The Crow Reviews
Brandon Lee brings out the Raven in Draven with a performance that would have catapulted him to stardom with ease. The action is superb and the cast couldn't have gotten any better for the roles that needed to be played in this vengeful tale of despair. The cinematography could have been a bit more subtle, but the work they put washing out the colors made for a much darker film to view.
In short, the story is simple. Eric and his fiancée are murdered by one of several gangs that terrorize the city. Nearly a year later, Eric returns from the dead to avenge his assassins, he is guided by a mysterious raven, who appears to be responsible for reap the souls.
The story is bleak; the colors, the gothic style and the rainy weather helps to build this darkness. In short, the humor is almost nil, the secondary characters are not well structured (except Albrecht, Sarah and Top Dollar), keeping the focus on Lee's performance. The film does not easily reveal the answers, Eric's main goal, revenge, extends from his killers to other people, who are guilty even indirectly (in the case of the pawn shop owner). In the end, Eric's revenge prevents thieves from performing the famous "Devil's Night."
The Crow is an excellent film, romantic, tragic, obscure, vengeful, and whith too rock 'n' roll, drugs and murdered, all these elements backed by an excellent gothic atmosphere and a good performance by Lee.
Excelente realização ,história muito bem construída,profunda e sentimental...para ver ,rever e mostrar a gerações vindouras...como aquilo que deve ser um filme, Uma verdadeira arte...
I've seen revenge thrillers before, so there wasn't much new or special in this one. Well, aside from the fact that it's a zombie empowered by a crow that's seeking revenge. I was worried that the abilities Eric possessed were going to make things anticlimactic, because he was too powerful, but I still felt the tension in his confrontations. The simple voiceover at the beginning was all I needed to explain the origin of his powers, and I like that they didn't talk about it at all after that narration.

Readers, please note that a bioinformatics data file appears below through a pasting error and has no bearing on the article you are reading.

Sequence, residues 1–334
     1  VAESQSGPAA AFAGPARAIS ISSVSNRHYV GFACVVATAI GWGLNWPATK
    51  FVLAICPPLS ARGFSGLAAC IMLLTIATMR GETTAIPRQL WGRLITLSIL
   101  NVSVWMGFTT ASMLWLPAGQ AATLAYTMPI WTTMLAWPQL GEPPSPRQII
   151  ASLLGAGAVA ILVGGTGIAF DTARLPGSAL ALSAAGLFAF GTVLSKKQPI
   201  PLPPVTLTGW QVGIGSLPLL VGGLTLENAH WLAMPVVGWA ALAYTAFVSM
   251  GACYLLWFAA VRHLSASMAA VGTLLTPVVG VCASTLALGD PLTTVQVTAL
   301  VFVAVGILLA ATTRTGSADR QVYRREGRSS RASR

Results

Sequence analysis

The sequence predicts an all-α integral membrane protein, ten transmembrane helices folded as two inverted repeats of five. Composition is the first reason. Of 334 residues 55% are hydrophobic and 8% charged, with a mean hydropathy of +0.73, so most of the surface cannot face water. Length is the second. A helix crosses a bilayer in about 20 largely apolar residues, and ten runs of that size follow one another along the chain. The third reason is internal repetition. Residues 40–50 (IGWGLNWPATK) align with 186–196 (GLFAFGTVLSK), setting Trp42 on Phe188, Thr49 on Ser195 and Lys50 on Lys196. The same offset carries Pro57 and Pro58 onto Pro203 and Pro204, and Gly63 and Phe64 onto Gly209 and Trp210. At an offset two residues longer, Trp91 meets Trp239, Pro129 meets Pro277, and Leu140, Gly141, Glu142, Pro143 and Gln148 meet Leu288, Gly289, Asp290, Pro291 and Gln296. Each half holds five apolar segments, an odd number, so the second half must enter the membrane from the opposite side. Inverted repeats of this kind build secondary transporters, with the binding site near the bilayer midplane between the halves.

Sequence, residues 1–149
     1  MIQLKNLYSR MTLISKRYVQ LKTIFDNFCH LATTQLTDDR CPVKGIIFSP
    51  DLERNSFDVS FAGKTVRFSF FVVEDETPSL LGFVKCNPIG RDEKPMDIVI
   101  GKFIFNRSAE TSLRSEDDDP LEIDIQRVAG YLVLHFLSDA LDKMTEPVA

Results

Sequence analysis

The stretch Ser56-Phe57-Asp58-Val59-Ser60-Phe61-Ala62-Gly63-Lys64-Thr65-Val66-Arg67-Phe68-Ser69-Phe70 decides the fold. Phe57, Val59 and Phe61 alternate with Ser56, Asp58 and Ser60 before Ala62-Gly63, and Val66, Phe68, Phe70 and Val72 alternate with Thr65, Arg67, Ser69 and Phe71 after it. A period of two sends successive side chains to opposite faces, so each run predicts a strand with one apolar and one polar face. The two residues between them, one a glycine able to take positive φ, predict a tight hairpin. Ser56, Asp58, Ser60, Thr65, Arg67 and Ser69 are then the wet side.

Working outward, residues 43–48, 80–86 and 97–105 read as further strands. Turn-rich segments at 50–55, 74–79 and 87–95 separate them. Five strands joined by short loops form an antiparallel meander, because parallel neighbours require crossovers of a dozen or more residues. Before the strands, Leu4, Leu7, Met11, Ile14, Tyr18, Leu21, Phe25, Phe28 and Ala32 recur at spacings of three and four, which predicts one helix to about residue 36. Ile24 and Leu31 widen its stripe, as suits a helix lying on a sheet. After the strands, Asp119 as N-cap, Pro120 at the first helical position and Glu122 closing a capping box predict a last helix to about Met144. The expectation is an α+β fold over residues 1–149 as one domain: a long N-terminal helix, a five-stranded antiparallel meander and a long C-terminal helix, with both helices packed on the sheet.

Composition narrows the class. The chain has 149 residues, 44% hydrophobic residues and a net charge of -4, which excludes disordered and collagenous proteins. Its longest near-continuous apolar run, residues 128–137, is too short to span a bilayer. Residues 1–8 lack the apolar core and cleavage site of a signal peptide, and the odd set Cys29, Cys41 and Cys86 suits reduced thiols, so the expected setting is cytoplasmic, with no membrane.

I was worried about Brandon Lee's performance in some of the early scenes because it seemed like he went a little over-the-top in his first few scenes. But the way he plays the more toned down moments showed me he had skill, and was just making some bold decisions to start. Ernie Hudson was a perfectly-cast costar. There's something about his delivery that makes me accept the fact that he's a cop who is good at his job despite never telling The Crow to stop killing people.
The villains were more of a struggle. I mean, I understand that a good climax needs a big bad that is more important than all the enemies that came before, but the way they got there was ridiculous. The big problem is that Michael Wincott's character (Top Dollar? Seriously?) didn't participate in the original crime and The Crow didn't care about his masterminding that crime. So in order to create an exciting climax Top Dollar had to continuously behave illogically and against his own character.
The Crow is a good film that has a dark tone for a reason. It seems like every franchise is shooting for dark-and-gritty nowadays, but here's a movie that truly needed it to fit the story. It's a good movie, despite some flaws in the third act. I also wish they had pushed the fight choreography a little more, because I thought Brandon Lee could have delivered more. It's not really a flaw, just feels like a missed opportunity. But, considering the major tragedy that happened during filming, it's hard to know what else was planned. I'll gladly watch The Crow again anytime.